A citation must be aligned to all three C’s of the standard in order to teach students all the knowledge and skills the standards require them to learn. If the citations in your material address only part of the standard(s) you will be teaching, then either (1) adjust your instruction to cover the parts of the standard the material does not, or (2) find citations in another resource that are aligned to those standards

Answering the question, “What do we expect our students to learn?” leads the important instructional work of the PLC. Ensuring that the materials you use are aligned to the standards they are being used to teach is a critical step in preparing your students for success. Doing that work during the planning stage that should save you from having to do as much remediation later.

Learning List’s detailed alignment reports and alignment comparison tool can save PLC’s hours of work. Contact us to find out how.

 

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New Review: Illustrative Mathematics

[Source: Illustrative Mathematics]

[Source: Illustrative Mathematics]

Illustrative Mathematics (IM) is a supplemental, open educational resource (OER) that supports the implementation of the Common Core State Standards in Mathematics (CCSSM) in grades K-12. The program is available online and includes sample problems, curriculum modules, and professional development resources. Materials are available at no cost at www.illustrativemathematics.org. Learning List recently reviewed IM content for middle school (i.e., grades 6-8).

IM content is organized by CCSSM domain (e.g., Geometry), cluster (e.g., “Solve real-world and mathematical problems involving area, surface area, and volume.”), and standard (e.g., “Find the area of right triangles, other triangles, special quadrilaterals, and polygons by…”). For each standard, the program provides a set of printable “learning tasks,” or multi-step problems. Each learning task is accompanied by a “Commentary,” a detailed narrative description of the solution, and a comments section. The Commentary explains the problem, its purpose, and different strategies students may use to solve it.  The solutions narrative provides step-by-step guidance in reaching the problem’s solution. The comments section allows users to add their feedback and suggestions.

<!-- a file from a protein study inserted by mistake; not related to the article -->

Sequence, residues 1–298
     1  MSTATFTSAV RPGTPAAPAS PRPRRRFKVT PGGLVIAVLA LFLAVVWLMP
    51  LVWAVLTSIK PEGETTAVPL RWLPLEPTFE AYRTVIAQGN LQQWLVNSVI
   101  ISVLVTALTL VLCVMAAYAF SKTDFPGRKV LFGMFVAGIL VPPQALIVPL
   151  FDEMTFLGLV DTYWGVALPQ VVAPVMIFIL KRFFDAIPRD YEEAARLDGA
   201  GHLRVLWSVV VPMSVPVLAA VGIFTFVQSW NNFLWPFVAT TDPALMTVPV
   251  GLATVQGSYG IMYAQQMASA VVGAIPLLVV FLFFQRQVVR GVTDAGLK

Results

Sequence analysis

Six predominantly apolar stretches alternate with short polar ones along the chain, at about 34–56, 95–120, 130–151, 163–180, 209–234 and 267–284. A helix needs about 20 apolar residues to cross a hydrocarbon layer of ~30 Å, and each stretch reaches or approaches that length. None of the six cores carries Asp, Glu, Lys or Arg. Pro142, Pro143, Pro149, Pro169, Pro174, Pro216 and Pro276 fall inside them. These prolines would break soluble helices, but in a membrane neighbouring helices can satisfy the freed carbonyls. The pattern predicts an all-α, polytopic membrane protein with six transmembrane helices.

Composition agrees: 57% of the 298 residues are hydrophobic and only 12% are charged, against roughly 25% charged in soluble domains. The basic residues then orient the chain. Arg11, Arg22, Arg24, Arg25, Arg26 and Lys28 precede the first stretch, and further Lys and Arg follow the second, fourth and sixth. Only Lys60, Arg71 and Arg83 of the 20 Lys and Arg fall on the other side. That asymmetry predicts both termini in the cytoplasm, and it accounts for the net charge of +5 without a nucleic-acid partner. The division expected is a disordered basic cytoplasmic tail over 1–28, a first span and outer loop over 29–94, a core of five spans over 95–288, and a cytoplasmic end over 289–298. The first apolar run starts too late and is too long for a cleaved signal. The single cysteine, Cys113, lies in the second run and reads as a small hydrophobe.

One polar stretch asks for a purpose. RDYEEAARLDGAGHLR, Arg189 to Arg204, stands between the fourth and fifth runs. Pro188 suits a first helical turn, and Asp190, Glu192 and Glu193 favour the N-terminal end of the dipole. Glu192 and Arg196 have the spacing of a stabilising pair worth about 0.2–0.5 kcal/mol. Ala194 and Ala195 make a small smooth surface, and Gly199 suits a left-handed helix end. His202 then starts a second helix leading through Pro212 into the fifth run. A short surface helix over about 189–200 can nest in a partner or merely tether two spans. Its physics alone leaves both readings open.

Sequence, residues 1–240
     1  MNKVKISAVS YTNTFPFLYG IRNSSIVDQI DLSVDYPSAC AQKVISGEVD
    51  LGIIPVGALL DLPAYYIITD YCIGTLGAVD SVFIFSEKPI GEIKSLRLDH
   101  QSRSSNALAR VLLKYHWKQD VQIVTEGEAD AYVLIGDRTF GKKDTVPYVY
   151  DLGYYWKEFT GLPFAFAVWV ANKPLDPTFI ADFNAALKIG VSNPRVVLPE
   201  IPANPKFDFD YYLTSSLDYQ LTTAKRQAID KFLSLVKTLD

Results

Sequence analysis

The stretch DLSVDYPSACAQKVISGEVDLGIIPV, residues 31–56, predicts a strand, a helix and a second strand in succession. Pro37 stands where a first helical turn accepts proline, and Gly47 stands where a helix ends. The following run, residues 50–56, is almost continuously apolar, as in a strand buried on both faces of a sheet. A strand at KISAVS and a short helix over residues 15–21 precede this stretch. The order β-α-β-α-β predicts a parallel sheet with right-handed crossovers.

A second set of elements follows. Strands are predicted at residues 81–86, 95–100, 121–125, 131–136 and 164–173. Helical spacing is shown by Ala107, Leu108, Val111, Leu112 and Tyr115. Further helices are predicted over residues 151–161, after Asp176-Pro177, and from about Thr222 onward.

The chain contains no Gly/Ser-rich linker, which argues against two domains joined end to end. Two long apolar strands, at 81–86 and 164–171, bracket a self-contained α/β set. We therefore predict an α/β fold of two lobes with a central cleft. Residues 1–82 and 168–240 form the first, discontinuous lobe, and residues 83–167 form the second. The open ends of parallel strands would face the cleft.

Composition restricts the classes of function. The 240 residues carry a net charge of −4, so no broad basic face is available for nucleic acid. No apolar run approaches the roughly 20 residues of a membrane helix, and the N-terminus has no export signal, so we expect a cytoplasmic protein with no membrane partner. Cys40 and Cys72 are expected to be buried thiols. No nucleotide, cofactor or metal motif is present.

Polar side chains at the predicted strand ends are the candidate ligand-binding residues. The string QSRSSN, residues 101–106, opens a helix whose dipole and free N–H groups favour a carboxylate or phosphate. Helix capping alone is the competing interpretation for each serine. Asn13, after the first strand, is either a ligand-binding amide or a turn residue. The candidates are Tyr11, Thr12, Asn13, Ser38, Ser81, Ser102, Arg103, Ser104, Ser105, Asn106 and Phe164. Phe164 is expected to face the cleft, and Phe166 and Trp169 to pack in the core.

“Course Blueprints” for grades 6-8 were “Under construction!” at the time of our review (July 2016); Course Blueprints available at the high school level are curriculum modules organized in units with diagnostic pre-tests and summative assessments. Additional instructional materials and professional development modules are available for purchase on the IM website.

About Illustrative Mathematics*

IM is a discerning community of educators dedicated to the coherent learning of mathematics. Founded in 2011 at the University of Arizona, IM has operated since 2013 as an independent 501(c)3 non-profit corporation. IM shares carefully vetted resources for teachers and teacher leaders to give our children an understanding of mathematics and skill in using it. IM provides expert guidance to states, districts, curriculum writers, and assessment writers working to improve mathematics education.

* The content in this section is provided by or adapted from Illustrative Mathematics

Subscribe to Learning List for access to the spec sheet, full editorial review and detailed alignment report for this material.